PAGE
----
This is my smiling father in 2003 at Union House Nursing Home in Glover, VT.
Daddy was an enigma: a withdrawn and emotionally distant intellectual, mathematician, physicist, and engineer. His childhood scarred him so badly that he was unable to maintain contact with his own children and we have all suffered greatly. Yet he is still my hero and probably always will be.
Named after my father, I never felt I was able to be the person he wanted me to be. In the end, ironically, when he was trapped in his body and brain with Lewy Body Dementia, I felt that I met his expectations. I cared not what trapped him: I finally was able to spend time with him. I spent every evening with him. We watched the news or Antiques Roadshow. We talked and I read books to him. I would leave when it was time for him to go to bed. On Sundays I spent many afternoons with him eating in the dining room. They were wonderful times for me. I finally felt useful and important to him. Best of all, Daddy never was confused about who I was. The nursing home was my social life and my church was my support.
The books we read were important to us. We covered the ancient history of the British Isles, the history of ∏, a history of e, and finally, a history of trigonometry. We read at least two of Eli Maor's books. In each book that we read I carefully wrote the date of when we finished them.
In Maor's book on trigonometry I read that Descartes's designation of the x-axis as horizontal and the y-axis as vertical in the coordinate plane was entirely arbitrary. I misunderstood what was meant by that and disputed the arbitrariness of it. Daddy agreed with me. I found Maor's publisher and began a short e-mail correspondence with him. Maor and I never discussed my dispute about the Cartesian plane (I would never admit to Maor that I thought that he, a true mathematician, could be wrong!). We spoke of my father and my young students and mathematics education. (Maor was not wrong, of course. I was wrong in the way that I read his statement.)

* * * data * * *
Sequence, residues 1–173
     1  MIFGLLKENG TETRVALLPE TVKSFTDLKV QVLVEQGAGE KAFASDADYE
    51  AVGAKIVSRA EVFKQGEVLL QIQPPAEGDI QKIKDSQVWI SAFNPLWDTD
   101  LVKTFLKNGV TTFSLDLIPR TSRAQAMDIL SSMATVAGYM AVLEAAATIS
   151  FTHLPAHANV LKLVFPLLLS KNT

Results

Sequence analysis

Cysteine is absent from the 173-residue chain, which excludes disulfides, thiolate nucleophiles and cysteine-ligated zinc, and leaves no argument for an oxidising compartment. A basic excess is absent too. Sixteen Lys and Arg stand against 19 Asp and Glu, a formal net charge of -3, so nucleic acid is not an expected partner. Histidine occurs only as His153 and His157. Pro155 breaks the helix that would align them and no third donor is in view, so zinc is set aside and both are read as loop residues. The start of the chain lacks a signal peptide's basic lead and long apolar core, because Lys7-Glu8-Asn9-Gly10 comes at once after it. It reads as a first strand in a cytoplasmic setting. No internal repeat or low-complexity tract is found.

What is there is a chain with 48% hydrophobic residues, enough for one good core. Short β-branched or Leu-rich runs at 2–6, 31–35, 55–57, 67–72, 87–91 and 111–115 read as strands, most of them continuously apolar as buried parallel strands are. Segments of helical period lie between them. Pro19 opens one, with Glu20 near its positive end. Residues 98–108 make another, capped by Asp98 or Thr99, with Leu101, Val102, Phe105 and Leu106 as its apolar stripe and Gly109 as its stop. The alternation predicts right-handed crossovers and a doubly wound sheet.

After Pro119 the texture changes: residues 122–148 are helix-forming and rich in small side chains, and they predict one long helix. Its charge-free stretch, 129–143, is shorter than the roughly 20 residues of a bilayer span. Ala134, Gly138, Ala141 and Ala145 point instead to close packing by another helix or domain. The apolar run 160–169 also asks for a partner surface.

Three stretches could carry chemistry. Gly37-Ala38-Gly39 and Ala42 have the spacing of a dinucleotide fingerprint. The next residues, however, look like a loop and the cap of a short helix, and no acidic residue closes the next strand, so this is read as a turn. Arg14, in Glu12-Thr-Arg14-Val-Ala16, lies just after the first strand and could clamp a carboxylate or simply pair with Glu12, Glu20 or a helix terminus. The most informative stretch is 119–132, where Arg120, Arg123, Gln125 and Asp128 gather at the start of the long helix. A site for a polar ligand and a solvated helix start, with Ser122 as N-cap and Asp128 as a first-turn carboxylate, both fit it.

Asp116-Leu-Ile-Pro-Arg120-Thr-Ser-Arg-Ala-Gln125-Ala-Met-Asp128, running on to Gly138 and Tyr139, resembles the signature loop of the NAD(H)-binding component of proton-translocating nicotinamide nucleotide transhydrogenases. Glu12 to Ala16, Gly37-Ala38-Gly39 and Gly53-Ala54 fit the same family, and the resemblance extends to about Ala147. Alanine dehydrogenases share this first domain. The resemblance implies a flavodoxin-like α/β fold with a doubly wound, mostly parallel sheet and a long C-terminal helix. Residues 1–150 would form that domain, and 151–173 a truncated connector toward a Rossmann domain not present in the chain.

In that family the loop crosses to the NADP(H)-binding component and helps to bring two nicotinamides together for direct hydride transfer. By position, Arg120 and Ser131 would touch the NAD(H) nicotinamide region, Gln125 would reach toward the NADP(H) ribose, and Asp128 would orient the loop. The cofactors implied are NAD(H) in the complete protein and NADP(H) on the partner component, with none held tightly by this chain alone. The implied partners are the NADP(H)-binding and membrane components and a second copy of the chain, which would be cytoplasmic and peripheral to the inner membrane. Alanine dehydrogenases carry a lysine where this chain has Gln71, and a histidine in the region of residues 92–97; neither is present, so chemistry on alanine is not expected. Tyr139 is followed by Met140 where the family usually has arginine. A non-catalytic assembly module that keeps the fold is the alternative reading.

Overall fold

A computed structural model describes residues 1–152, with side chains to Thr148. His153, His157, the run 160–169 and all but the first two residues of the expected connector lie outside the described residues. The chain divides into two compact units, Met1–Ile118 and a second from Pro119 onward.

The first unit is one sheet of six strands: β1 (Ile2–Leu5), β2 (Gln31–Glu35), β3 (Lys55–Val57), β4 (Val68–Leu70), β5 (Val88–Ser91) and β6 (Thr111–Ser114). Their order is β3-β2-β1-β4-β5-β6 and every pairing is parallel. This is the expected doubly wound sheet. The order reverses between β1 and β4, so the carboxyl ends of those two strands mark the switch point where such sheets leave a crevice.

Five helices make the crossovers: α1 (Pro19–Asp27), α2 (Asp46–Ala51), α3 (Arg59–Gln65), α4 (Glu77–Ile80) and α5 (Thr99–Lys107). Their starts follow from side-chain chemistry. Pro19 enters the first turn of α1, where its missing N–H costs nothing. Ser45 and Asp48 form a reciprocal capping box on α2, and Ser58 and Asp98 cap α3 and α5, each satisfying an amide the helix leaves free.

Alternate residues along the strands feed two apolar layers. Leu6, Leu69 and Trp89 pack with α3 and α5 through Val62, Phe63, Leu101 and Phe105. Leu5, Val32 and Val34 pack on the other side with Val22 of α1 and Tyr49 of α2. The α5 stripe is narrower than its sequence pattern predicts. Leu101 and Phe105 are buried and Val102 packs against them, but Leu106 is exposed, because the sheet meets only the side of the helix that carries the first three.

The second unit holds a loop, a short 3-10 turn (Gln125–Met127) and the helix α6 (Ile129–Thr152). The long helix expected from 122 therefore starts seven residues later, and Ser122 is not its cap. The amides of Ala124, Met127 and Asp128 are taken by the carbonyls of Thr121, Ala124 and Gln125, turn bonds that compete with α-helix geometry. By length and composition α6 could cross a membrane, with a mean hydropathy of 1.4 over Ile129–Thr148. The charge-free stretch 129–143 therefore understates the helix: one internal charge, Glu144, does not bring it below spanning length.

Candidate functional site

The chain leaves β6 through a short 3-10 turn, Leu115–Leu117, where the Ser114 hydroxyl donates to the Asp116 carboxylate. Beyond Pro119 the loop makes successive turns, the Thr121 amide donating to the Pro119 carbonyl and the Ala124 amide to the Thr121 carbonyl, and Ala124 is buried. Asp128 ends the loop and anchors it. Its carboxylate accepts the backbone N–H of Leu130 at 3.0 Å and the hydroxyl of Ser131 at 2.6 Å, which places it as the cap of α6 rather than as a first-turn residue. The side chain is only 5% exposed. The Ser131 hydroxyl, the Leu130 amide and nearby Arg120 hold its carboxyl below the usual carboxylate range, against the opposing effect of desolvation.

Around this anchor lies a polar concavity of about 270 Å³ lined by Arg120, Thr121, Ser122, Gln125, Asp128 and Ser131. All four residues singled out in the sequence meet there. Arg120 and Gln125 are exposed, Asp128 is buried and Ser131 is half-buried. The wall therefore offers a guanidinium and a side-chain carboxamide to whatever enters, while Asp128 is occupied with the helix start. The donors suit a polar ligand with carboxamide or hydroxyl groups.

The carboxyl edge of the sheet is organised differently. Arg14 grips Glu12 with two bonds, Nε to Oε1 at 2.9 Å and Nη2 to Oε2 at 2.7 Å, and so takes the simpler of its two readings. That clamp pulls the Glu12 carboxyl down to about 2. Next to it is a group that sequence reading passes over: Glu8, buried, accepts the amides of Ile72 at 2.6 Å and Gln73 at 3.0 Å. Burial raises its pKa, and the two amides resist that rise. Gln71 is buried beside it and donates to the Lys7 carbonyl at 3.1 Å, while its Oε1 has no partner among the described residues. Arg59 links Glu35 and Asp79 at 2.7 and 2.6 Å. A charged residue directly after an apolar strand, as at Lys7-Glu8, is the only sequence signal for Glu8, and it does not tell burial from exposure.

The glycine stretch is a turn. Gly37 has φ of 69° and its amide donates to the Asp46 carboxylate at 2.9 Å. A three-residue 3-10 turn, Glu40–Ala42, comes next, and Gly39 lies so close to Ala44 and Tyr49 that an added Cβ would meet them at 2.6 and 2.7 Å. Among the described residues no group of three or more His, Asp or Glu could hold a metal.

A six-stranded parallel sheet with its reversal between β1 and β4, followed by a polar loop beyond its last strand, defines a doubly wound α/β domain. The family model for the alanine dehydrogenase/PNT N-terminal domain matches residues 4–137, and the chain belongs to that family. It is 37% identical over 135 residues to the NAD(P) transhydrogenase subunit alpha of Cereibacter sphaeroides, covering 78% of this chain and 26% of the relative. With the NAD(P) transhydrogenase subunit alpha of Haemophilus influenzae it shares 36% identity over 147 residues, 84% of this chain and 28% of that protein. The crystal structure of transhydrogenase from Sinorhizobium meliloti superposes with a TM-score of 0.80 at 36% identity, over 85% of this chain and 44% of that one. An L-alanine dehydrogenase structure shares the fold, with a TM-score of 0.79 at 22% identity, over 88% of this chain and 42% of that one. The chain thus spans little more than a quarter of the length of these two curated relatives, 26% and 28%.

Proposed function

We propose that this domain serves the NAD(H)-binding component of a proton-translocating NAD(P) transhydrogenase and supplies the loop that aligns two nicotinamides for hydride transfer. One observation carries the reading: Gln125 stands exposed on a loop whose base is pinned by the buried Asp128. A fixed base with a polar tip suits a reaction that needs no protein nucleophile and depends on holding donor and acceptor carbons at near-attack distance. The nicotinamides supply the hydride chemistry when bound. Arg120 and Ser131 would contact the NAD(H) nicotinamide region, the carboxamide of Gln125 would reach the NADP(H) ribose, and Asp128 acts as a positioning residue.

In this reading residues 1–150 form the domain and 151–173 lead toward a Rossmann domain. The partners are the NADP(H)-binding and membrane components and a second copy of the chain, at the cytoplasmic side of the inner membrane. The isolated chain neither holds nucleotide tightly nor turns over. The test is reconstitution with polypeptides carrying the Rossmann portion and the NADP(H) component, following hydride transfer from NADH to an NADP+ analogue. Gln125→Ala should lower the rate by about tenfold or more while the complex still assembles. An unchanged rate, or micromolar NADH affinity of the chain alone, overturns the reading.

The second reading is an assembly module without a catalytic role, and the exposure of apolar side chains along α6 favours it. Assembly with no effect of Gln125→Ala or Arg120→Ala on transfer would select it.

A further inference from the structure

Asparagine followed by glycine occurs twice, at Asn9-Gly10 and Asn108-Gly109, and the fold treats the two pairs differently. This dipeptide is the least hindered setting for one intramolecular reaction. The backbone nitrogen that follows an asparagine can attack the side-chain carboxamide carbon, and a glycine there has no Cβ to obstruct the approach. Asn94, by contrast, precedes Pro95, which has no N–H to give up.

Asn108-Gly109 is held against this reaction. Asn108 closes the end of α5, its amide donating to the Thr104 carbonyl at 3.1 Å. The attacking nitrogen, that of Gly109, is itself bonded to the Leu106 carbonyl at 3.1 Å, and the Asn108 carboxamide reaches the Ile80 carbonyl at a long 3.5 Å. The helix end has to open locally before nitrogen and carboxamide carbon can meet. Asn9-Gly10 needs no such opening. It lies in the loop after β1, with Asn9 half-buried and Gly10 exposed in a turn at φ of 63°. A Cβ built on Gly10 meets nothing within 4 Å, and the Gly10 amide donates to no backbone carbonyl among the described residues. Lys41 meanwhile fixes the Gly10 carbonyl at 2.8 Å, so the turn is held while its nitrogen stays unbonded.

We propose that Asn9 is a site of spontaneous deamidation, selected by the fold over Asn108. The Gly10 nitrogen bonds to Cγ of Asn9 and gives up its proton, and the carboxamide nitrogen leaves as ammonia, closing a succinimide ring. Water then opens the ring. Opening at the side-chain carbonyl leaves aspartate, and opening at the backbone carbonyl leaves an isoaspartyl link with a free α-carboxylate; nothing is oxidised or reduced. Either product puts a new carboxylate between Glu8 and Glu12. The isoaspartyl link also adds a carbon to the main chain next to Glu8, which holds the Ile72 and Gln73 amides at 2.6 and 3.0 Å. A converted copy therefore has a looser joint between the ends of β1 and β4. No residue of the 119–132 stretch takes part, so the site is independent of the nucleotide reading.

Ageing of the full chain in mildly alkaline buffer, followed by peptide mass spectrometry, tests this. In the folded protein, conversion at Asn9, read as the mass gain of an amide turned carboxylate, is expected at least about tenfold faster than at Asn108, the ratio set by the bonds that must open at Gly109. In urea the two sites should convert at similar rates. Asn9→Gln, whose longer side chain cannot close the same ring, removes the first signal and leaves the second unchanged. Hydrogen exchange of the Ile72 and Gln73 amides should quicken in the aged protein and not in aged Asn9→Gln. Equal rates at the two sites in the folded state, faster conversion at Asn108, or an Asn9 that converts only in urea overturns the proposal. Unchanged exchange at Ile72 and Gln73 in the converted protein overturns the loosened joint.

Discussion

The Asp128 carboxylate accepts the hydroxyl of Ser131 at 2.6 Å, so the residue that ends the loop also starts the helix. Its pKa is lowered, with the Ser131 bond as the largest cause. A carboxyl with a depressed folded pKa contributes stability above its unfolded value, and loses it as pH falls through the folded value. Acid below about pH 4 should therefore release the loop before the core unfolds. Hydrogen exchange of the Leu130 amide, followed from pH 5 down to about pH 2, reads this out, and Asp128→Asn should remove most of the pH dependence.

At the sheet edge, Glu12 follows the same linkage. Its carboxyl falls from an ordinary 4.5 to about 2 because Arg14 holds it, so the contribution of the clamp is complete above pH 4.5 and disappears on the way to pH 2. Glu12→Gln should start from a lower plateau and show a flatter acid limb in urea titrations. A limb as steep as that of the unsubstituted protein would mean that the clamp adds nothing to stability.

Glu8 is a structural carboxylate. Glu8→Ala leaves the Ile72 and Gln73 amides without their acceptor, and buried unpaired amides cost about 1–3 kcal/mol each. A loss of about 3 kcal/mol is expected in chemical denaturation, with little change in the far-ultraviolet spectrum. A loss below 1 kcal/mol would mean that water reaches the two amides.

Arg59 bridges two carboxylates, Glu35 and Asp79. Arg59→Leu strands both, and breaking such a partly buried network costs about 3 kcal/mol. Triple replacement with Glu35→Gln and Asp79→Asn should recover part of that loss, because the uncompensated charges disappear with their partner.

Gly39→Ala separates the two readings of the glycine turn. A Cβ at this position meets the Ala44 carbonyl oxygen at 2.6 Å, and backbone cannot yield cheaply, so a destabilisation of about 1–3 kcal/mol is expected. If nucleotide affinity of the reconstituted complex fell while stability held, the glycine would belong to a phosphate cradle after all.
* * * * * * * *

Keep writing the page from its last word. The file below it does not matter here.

Christmas 2003 was the most beautiful of my life. Two of my children, Amelia and Andrew, were able to be with me for Christmas. The Christmas Eve service was held at the Glover church. The church is next door to Union House. I asked permission to take my father to Christmas Eve service, the nurses dressed him appropriately for the walk in the cold, clear night and off the four of us went.
The short walk was ice. It was dangerous for him to be out walking on it. But with me on one side, my tall and strong Andrew on the other and Amelia in the back, we kept him safe and secure. He was able to walk up the steps. The sanctuary was already packed and many of the congregation knew as soon as they saw us that this was my family that they had never seen. I was so proud and so happy that we were together. Daddy sat between me and his grandchildren.
I was concerned that he might become confused and anxious with the crowd of people and with the music. But he never was scared. He recognized every hymn and sang every one. I cried with happiness during the whole service. I had given my father a Christmas in which he participated and which touched his heart.
At the end of the service, the flame of the Christ candle is passed from person to person throughout the whole congregation. As we light our neighbor's candles in the darkened sanctuary we sing Silent Night, Holy Night until every single candle is lit. Daddy accepted his flame from Amelia and he then passed it on to me. He held his candle steady, despite his Parkinson's shaking.
After the service we made our way through the throng. The congregation was wonderful as they parted for us so that we could pass through them without Daddy being crushed. They helped us down the stairs and past the ice in front of the church. They understood the importance of this night for this small broken family.
I have never experienced such a holy Christmas.
When Daddy died in 2004 my life unraveled in many different and strange ways. He is no longer here to help me as I struggle to put it back together.